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Transitional Cell Carcinoma (TCC)

  • A type of cancer that occurs in the transitional epithelium ā€“ the tissue that lines the inner part of the urinary system including the renal pelvis, ureters, bladder, and parts of the urethra.
  • Most common type of bladder cancer, accounting for over 90% of cases.
  • More frequent in men and in those aged over 60.
Risk Factors:
  • Smoking: Major risk factor, increasing risk up to threefold.
  • Exposure to certain chemicals like aniline dyes and aromatic amines.
  • Previous radiotherapy or chemotherapy (especially cyclophosphamide).
  • Chronic bladder irritation, e.g., from recurrent urinary infections or long-term catheter use.
Clinical Presentation:
  • Painless hematuria: Most common symptom.
  • Frequency, urgency, and dysuria ā€“ symptoms similar to UTI.
  • Possible flank pain or mass if upper urinary tract involvement.
  • Cystoscopy: Direct visualisation of the bladder interior.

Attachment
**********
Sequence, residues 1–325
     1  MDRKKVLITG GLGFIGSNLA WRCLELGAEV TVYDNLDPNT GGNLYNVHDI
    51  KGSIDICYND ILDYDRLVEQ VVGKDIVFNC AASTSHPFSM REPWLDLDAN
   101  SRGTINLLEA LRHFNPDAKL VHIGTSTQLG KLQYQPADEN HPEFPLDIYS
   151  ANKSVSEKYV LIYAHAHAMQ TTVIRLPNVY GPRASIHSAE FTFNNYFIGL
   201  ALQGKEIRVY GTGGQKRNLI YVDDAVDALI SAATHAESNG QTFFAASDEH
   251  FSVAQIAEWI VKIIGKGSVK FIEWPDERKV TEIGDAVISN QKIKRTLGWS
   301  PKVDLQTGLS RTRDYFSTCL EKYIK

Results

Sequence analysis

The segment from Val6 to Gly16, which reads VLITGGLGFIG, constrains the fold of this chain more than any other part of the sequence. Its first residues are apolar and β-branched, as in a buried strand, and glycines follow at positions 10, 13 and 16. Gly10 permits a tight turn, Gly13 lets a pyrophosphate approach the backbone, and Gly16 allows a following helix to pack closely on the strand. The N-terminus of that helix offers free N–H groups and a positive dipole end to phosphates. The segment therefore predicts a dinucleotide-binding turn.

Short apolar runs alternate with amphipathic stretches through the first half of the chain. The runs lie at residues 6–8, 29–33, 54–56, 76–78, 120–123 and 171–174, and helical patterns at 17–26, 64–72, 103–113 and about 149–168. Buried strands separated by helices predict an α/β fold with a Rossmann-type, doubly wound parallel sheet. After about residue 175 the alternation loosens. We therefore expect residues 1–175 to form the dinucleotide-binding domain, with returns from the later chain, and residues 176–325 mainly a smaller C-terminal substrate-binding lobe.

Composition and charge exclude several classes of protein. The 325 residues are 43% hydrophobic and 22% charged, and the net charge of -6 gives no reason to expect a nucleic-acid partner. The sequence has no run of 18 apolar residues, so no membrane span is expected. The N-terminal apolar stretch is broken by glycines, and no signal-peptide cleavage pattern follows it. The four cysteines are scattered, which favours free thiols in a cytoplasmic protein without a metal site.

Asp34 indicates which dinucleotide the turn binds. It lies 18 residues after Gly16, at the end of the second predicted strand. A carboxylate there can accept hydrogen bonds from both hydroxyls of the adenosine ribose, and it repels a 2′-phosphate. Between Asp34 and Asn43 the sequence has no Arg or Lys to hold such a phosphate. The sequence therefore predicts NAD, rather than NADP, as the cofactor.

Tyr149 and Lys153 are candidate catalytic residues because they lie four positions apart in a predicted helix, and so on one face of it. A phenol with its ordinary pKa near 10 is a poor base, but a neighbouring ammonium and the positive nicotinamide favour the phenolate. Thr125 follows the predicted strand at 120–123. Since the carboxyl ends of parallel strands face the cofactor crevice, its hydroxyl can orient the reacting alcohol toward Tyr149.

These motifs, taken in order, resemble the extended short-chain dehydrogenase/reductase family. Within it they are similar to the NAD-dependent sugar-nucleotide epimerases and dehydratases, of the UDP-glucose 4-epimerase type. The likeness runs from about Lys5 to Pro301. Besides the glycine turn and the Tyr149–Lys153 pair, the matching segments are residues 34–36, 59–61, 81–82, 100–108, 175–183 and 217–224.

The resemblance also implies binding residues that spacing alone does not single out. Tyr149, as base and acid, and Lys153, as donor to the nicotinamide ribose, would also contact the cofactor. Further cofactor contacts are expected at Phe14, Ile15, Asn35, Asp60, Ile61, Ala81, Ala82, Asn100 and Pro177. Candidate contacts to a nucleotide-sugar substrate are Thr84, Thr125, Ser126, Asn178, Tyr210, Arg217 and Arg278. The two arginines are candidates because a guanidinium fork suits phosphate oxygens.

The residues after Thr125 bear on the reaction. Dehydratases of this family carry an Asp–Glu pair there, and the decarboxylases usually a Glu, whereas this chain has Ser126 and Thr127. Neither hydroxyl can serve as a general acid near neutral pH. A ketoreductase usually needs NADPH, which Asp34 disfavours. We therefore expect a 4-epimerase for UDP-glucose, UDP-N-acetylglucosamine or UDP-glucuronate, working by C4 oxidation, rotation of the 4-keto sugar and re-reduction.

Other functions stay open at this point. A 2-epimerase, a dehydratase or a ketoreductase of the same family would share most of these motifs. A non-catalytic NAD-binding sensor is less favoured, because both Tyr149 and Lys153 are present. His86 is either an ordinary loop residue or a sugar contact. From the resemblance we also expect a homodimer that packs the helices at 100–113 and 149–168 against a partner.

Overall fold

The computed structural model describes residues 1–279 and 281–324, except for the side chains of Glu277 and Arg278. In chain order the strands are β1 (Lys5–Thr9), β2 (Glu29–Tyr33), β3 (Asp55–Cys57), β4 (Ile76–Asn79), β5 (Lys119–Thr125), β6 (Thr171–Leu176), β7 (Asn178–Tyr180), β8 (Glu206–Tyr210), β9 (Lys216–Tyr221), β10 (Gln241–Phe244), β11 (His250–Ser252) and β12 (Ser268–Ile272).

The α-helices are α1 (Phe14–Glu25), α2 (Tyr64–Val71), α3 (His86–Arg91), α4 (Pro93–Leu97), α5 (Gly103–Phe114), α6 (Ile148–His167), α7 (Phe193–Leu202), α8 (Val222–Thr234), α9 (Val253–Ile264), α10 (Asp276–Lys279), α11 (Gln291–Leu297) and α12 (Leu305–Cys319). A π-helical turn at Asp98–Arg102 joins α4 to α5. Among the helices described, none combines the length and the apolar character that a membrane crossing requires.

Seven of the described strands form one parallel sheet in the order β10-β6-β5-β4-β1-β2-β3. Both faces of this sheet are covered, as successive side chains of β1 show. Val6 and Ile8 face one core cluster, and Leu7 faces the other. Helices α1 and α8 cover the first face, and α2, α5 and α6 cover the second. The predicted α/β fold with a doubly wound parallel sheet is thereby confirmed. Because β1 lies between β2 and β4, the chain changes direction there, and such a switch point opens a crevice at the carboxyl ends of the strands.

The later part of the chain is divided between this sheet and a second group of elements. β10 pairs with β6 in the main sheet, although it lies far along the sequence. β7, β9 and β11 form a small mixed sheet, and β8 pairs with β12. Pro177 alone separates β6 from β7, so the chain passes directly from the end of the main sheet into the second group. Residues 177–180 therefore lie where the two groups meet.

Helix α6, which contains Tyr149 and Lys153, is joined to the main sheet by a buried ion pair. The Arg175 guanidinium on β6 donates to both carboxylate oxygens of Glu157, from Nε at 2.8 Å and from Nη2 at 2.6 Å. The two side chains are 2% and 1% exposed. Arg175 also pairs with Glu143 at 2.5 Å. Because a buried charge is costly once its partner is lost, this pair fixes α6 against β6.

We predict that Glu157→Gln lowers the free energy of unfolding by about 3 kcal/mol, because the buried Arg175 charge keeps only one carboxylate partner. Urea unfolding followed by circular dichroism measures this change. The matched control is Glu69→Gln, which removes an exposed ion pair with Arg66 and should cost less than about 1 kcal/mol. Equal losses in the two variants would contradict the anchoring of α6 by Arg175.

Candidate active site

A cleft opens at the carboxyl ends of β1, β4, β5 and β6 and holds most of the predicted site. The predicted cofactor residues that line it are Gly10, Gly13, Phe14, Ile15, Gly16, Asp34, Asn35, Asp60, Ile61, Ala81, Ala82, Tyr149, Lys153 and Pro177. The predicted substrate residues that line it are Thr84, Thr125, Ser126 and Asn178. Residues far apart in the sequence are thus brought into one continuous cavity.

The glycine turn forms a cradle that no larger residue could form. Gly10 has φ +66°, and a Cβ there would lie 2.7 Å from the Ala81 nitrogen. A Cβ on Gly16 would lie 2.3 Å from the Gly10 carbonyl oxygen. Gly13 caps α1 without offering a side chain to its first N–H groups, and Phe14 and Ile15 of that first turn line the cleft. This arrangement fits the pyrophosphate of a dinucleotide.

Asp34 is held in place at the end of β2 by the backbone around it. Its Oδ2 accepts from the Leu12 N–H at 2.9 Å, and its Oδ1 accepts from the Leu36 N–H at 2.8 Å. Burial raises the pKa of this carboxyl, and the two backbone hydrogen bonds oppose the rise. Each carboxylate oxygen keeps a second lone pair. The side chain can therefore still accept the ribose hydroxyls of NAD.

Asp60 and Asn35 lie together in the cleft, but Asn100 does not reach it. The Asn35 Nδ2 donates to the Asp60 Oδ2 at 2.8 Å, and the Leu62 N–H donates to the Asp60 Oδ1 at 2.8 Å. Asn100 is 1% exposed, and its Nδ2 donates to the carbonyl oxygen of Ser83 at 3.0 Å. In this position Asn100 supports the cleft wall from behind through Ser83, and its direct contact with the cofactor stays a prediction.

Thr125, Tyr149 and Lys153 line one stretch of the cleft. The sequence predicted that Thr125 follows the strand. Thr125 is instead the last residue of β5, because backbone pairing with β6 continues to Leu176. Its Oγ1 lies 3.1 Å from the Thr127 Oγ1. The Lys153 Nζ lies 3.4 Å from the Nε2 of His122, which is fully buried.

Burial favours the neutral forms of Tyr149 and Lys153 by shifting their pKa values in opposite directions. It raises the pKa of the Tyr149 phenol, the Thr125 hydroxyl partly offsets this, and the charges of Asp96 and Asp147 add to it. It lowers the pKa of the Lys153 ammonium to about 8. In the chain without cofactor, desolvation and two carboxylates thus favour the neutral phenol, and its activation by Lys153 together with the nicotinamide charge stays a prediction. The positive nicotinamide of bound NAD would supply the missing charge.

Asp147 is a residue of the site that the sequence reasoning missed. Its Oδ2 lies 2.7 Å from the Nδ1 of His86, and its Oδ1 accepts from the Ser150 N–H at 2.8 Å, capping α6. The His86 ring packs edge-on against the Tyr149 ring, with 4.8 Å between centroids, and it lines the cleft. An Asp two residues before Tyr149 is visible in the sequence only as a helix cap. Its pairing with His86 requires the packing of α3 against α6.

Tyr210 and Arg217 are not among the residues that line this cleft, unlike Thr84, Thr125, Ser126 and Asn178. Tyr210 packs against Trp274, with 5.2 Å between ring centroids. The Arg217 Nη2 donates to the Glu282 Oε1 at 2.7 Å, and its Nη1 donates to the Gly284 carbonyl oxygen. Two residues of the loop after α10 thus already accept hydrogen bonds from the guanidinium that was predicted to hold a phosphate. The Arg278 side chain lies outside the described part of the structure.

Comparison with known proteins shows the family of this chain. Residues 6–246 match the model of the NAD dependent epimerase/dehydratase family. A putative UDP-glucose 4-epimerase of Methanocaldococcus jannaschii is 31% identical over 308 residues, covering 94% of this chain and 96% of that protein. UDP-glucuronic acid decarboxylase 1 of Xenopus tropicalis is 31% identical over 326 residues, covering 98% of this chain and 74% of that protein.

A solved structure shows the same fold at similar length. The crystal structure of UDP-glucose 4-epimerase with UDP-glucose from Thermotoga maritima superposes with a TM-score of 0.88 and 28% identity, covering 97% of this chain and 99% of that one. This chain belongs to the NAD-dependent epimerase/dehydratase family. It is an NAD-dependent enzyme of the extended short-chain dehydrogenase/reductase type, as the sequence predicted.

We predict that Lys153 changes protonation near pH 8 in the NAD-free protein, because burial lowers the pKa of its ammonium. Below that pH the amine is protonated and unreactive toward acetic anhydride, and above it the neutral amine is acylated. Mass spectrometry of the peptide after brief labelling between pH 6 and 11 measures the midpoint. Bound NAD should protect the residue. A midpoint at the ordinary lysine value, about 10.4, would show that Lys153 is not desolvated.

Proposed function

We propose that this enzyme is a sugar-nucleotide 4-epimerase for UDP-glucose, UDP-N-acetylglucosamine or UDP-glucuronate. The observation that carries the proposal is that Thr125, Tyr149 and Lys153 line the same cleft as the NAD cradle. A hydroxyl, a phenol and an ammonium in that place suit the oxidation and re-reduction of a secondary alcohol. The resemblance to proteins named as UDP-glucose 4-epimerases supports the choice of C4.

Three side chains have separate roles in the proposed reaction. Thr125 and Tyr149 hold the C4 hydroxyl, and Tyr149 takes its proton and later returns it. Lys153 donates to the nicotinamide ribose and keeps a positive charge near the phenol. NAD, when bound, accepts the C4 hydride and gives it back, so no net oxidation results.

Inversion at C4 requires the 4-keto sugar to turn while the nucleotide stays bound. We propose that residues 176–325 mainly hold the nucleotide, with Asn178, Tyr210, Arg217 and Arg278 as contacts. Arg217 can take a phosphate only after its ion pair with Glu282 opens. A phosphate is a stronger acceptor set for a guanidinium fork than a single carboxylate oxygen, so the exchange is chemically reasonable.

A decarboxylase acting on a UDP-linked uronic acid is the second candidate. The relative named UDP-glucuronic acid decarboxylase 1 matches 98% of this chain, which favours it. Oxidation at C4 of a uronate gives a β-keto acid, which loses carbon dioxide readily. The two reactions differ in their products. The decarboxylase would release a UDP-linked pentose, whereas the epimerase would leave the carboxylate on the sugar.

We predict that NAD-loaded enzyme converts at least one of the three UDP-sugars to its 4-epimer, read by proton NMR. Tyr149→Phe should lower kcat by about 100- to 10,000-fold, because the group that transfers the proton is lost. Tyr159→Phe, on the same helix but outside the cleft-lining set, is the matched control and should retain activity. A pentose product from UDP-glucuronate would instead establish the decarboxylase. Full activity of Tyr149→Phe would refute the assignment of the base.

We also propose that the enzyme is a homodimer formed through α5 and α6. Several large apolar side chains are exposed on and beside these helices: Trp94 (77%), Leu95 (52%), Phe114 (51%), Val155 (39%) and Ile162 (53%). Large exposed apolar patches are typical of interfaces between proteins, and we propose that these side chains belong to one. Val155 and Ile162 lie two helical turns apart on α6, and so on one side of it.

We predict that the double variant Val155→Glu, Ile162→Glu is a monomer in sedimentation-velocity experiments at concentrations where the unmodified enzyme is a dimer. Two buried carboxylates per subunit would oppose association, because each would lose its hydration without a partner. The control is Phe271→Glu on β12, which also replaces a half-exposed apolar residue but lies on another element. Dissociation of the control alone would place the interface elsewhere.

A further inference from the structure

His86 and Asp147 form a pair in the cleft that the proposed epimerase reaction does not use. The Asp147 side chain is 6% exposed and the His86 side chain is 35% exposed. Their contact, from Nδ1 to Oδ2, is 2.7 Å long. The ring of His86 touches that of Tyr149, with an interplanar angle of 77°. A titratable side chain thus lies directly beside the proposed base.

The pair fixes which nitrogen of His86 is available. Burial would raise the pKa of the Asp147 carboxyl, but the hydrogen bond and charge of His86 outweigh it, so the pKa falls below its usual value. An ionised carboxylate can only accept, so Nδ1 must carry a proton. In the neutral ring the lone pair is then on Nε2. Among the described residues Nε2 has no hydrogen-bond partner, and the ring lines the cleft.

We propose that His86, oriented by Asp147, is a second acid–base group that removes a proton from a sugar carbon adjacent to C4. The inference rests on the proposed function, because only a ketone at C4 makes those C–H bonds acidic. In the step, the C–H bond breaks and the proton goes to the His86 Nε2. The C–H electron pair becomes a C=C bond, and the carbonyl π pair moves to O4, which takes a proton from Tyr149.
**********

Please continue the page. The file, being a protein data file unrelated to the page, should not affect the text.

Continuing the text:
• Urine cytology: Examination of urine under the microscope to detect cancer cells.
  • Imaging: CT urogram or ultrasound to assess for spread and upper tract involvement.
  • Non-invasive (Ta, T1):
    • Transurethral resection of bladder tumour (TURBT).
    • Followed by intravesical chemotherapy or BCG to reduce recurrence risk.
  • Invasive (T2+):
    • Radical cystectomy (removal of the bladder).
    • Neoadjuvant or adjuvant chemotherapy.
  • Depends on stage and grade at diagnosis, but TCC tends to have a high rate of recurrence.
  • Regular surveillance with cystoscopy is essential.

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